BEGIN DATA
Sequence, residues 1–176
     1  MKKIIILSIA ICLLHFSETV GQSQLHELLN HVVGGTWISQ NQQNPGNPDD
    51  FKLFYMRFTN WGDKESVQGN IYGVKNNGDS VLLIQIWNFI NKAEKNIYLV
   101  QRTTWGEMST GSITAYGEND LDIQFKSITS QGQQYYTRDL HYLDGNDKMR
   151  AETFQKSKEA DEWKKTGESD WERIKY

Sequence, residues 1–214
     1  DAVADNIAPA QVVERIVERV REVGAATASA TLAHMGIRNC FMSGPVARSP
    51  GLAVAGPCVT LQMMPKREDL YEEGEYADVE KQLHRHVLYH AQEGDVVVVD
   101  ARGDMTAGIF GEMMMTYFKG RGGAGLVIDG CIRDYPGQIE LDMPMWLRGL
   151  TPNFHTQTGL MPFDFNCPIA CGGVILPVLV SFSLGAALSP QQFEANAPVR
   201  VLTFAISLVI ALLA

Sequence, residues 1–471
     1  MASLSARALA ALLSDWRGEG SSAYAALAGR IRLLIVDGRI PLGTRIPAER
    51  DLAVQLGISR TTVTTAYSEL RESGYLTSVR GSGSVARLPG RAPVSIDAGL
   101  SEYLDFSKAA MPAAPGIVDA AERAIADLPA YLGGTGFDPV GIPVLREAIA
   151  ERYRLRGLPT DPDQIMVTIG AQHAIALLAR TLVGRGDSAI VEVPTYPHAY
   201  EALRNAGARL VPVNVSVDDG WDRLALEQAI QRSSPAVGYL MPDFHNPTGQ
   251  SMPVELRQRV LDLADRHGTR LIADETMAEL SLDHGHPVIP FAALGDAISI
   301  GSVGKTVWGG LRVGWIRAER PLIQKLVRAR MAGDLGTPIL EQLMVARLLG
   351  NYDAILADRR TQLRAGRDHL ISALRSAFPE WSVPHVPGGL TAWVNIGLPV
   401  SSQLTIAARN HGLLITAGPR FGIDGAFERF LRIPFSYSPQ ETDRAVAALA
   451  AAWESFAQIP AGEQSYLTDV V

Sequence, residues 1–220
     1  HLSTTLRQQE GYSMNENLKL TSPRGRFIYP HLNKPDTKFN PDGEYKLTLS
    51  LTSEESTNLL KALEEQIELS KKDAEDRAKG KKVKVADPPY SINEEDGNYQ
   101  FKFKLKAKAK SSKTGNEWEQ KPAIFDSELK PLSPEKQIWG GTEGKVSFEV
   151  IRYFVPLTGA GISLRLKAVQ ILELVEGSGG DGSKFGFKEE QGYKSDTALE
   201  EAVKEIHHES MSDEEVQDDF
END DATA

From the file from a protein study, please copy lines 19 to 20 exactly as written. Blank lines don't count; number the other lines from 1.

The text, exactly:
   301  GSVGKTVWGG LRVGWIRAER PLIQKLVRAR MAGDLGTPIL EQLMVARLLG
   351  NYDAILADRR TQLRAGRDHL ISALRSAFPE WSVPHVPGGL TAWVNIGLPV